Appellants urge us to hold that the phrase "the date of this Order" is the date the court signed the consent order. If the phrase were interpreted in this manner, the 180th day from the date of the order would have been May 2, 1988, two days before Home Port refiled its suit, and therefore the suit would have been barred by the terms of the order. It is not clear from the face of the consent order which date the court considered to be the date of the order. It is peculiarly within the province of the district court, however, to determine the meaning of its own order. See, e.g., Kendrick v. Peters, 931 F.2d 421, 423 (6th Cir. 1991); Vaughns v. Board of Education, 758 F.2d 983, 989 (4th Cir. 1985). While it is certainly not unreasonable to assume that the date of the order is the date on which the order was signed, as appellants argue, see Appellants' Br. at 3233, we cannot say that the district court abused its discretion in interpreting its order in the manner that it did. We therefore reject appellants' argument that Home Port's action was barred by the terms of the district court's consent order.
Accordingly, because Allen and Ruben are bound by the terms of the consent order entered upon their agreement with Home Port, and because Home Port refiled its action within the time period set forth in the order, we affirm the district court's holding that appellants waived their personal jurisdiction and service of process defenses.
The district court denied appellant Ruben's motion for relief from default judgment under Fed.R.Civ.P. 60(b)(1). Ruben had argued that he be relieved from judgment because of "excusable neglect." Ruben contends on appeal that the district court's denial of this motion was an abuse of discretion. We disagree.
Rule 60(b)(1) authorizes a court to relieve a party of a final judgment because of "excusable neglect." To obtain relief under the Rule, a party must demonstrate inter alia that he was not at fault and that the nonmoving party will not be prejudiced by the relief from judgment. See, e.g., Augusta Fiberglass Coatings, Inc. v. Fodor Contracting Corp., 843 F.2d 808, 811 (4th Cir. 1988). The district court concluded that Ruben had not established either that he was not responsible for the default judgment or that Home Port would not be prejudiced by the requested relief. Both determinations were well within the court's discretion on the record before it. See Werner v. Carbo, 731 F.2d 204, 206 (4th Cir. 1984) (stating that this court "will not . . . disturb" a district court's decision on a Rule 60(b) motion "absent a showing of abuse of . . . discretion").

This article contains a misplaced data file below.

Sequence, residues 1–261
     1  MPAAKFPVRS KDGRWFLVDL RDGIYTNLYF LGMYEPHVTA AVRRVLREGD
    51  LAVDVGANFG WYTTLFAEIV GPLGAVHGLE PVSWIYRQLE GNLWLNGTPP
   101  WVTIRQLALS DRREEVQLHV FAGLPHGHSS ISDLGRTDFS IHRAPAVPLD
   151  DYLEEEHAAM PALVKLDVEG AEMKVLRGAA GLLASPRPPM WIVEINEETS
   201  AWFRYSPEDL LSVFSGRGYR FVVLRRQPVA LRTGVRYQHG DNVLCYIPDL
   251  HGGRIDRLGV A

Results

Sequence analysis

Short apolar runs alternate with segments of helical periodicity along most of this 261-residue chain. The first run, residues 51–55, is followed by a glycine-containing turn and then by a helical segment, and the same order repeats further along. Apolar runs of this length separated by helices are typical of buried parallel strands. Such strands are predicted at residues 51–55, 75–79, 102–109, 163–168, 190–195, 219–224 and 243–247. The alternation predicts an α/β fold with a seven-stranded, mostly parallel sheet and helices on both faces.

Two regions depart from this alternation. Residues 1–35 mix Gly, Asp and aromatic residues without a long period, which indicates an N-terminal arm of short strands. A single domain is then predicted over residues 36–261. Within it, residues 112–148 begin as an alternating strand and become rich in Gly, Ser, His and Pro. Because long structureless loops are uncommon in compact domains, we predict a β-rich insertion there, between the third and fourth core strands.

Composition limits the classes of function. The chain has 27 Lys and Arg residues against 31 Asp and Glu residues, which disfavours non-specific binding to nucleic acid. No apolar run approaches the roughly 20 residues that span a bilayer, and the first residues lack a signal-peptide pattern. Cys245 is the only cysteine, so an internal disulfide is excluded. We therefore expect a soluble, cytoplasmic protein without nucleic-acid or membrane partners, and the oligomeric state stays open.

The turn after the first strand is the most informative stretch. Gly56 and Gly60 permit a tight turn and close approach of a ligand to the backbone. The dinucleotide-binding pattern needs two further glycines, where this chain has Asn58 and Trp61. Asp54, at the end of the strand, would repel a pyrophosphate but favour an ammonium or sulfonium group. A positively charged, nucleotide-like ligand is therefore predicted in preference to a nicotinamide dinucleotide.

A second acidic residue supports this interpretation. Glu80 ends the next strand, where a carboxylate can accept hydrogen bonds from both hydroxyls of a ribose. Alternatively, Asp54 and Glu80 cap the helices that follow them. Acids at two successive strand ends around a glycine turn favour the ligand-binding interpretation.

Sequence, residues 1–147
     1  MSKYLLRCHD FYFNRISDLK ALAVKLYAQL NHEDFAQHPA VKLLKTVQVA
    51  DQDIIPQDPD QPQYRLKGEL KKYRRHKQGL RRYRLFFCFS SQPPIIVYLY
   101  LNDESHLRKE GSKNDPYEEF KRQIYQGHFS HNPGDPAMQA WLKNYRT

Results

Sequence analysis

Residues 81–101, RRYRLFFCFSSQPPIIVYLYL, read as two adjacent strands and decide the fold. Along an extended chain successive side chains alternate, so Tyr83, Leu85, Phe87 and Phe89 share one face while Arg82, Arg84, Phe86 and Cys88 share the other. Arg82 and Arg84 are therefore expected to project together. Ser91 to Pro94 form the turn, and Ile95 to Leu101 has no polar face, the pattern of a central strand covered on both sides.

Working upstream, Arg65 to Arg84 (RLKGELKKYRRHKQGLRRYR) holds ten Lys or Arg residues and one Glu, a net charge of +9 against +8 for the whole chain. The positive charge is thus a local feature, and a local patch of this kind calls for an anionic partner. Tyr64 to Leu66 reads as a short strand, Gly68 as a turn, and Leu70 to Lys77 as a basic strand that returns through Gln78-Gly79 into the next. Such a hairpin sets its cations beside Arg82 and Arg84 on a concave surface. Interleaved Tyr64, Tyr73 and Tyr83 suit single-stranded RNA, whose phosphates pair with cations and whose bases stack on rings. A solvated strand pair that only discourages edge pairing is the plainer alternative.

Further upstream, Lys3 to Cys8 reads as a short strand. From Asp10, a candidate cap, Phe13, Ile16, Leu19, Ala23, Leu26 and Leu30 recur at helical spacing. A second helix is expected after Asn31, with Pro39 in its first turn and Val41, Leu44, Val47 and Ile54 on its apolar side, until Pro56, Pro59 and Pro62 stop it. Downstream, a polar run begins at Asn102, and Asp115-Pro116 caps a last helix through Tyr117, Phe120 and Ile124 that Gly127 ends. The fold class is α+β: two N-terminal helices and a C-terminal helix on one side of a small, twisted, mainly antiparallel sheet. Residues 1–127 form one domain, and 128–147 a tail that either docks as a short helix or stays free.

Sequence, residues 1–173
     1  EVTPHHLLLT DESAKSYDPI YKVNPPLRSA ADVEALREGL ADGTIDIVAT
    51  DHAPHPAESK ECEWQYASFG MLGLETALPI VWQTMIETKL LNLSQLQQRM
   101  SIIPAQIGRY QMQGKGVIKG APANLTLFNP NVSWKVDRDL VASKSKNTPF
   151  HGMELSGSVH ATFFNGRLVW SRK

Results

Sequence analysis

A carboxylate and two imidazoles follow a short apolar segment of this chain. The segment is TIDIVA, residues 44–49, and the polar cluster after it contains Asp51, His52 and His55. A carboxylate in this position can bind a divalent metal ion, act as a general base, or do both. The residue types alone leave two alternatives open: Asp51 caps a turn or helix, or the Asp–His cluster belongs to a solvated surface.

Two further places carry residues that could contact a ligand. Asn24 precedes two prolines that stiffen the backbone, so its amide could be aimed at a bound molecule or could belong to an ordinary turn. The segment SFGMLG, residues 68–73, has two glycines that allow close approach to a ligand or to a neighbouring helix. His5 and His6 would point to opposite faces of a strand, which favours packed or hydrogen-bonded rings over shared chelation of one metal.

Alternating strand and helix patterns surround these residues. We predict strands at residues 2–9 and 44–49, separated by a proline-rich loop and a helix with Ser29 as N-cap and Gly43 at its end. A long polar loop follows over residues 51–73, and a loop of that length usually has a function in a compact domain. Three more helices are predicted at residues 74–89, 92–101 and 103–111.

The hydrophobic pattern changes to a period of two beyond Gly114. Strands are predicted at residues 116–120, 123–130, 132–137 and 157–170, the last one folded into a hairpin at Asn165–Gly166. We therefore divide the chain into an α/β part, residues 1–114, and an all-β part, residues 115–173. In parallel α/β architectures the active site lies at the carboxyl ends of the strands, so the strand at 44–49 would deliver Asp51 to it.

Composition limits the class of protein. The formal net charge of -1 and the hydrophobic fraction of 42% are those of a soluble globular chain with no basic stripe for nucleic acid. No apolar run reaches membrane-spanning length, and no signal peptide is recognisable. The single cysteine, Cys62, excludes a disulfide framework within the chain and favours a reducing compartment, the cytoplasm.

There is sufficient evidence to support the district court's conclusion that Ruben was at fault for the judgment because he intentionally made himself unavailable during the eleven months between the original dismissal and the default judgment. There was testimony from Allen that Ruben knew that Home Port could reinstitute its suit within 180 days, see J.A. at 291, and it is undisputed that Ruben never informed Harper or the district court of his whereabouts. If the district court credited Allen's testimony that Ruben was aware that suit could be reinstituted within a short period of time, it could reasonably conclude, as it did, that Ruben purposely did not inform his attorney or the court of his whereabouts for the "ulterior motive" of avoiding process. Id. at 416. Such a conclusion is further supported by the testimony that persons employed by Adventurent, the successor corporation to IYG of which Allen and Ruben were shareholders, appeared intentionally unwilling to assist Harper in locating the defendants. Harper indicated, for example, that Adventurent's attorney essentially refused to assist him in locating Ruben. See id. at 255-56. Harper also testified that his secretary found the staff at Adventurent "generally uncooperative" and unwilling to provide assistance in locating Ruben. See id. at 388. This conclusion is also supported by the fact that Ruben apparently did receive correspondence when he wished; he had received a copy of the default judgment itself within days of its entry. See id. at 284.
There was also substantial evidence to support the district court's determination that Home Port would be prejudiced if the default judgment were vacated. By the time Ruben's motion to vacate was filed, IYG had ceased operations and at least two of the defendants could not be found. There was also evidence that one of Home Port's key witnesses, the former controller of IYG who had maintained the financial records of the corporation, had disappeared and that Home Port would have difficulty reconstructing its documentary evidence. See id. at 411-12.